Please join me today in welcoming author J. S. Dunn to the blog....
Fresh Eire! Bending The Boyne uses the latest concepts about the ancient Gaels (later called Celts by Greeks and Romans) in a tale of greed and gold set at Ireland’s ancient, sacred heart: the Boyne passage mounds. Thank you Michelle, for inviting me to post on the ideas behind Bending The Boyne ! Reading a novel set in such a remote era can be a challenge.
The Boyne mounds in Ireland are older than the Pyramids, and Stonehenge. How did these great mounds fall into disuse? Additional background follows to enhance reading of Bending The Boyne.
Boann, the female protagonist, comes from the earliest Irish myths where she appears briefly in a tangled story that mentions the birth of her son Aengus. “...they made the sun stand still to the end of nine months / strange the tale...” That has to be the original version of our modern “Who’s Your Daddy?” celebrity gossip. Her son Aengus, born at winter solstice, ties in the astronomy practiced at the mounds.
In our era four thousand years later, the winter solstice sunrise still penetrates into the central mound of Newgrange and lights the inner chamber. The Boyne astronomy culture had the action and was a power center for the north Atlantic. The Boyne mounds are now a UN World Heritage site and hold much of Europe’s Neolithic stone artwork. The mounds receive over 200,000 visitors every year.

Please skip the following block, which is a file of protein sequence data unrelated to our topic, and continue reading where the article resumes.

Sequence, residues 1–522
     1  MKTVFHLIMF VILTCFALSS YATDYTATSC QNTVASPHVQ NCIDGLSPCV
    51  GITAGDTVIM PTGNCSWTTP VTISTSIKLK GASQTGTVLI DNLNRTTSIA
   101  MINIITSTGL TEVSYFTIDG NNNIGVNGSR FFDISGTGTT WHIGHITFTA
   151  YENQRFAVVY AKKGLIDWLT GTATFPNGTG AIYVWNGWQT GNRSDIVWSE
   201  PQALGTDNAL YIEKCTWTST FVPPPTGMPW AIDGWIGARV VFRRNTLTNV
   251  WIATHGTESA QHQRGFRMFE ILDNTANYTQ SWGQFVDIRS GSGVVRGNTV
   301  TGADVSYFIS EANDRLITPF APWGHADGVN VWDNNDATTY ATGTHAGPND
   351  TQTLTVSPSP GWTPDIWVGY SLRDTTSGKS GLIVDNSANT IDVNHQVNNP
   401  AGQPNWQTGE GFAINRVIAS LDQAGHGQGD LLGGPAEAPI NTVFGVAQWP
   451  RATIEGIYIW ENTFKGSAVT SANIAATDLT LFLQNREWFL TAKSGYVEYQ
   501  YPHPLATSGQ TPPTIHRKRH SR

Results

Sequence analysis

Myth has endless possibility for interpretation and re-telling. The Isles’ myths were transcribed from native tongues (old Irish, and old Welsh) by devout but cold, hungry, cloistered monks in a later millennium. How much authentic oral history or fact the Christianized monks’ versions contain is hotly debated. Yet, archaeologist William O’Brien used a bit of “myth” about Ross Lake in county Kerry to locate and excavate at the Lake Of Many Hammers, said to be home for an ancient smith, Lein. Lein’s Lake Of Many Hammers turned out to be the site of the Isles’ first known copper mine. O’Brien made a stunning find and started a paradigm shift. The Isles’ should no longer be seen as an outpost or on the fringe of prehistory. (At this time, Mediterannean cultures lived in huts; Troy, the Greek cities, Carthage, and Rome, did not exist.)
What inspired Bending The Boyne specifically was a passage of medieval text that describes the huge and intricately engineered Boyne mounds as “elfmounds”. Wow, that’s some piece of propaganda! How did these impressive mounds come to be dismissed as the home of elves and fairies? Bending The Boyne uses myth plus bang-on archaeology to make the Bronze Age clash of cultures accessible to the modern reader – as Auel’s Clan series did for the Paleolithic.
As the centennial of Ireland’s Rising approaches in 2016, this novel offers a new perspective on the unending Troubles for one notable island that has had successive waves of newcomers – foreigners, which is the meaning of “Gael” and of which the English were only the latest incarnation.
The reader may find the maps in the front matter, and the Glossary of names and author’s note at the back matter, to be useful. The author’s website, www.jsdunnbooks.com, contains reading group questions, and web links to find photos and interesting information about the objects and places depicted in Bending The Boyne.
More on the new concepts about “Celts” and the early origin of the Gaelic language can be found in Celtic From The West (Cunliffe and Koch, editors, 2010, Oxford Press).
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Giveaway--publisher, Seriously Good Books is giving away ONE copy of Bending the Boyne to a U.S. reader. Please fill out the Rafflecopter form below. Ends Friday, November 25th at 11:59pm CST. Good luck!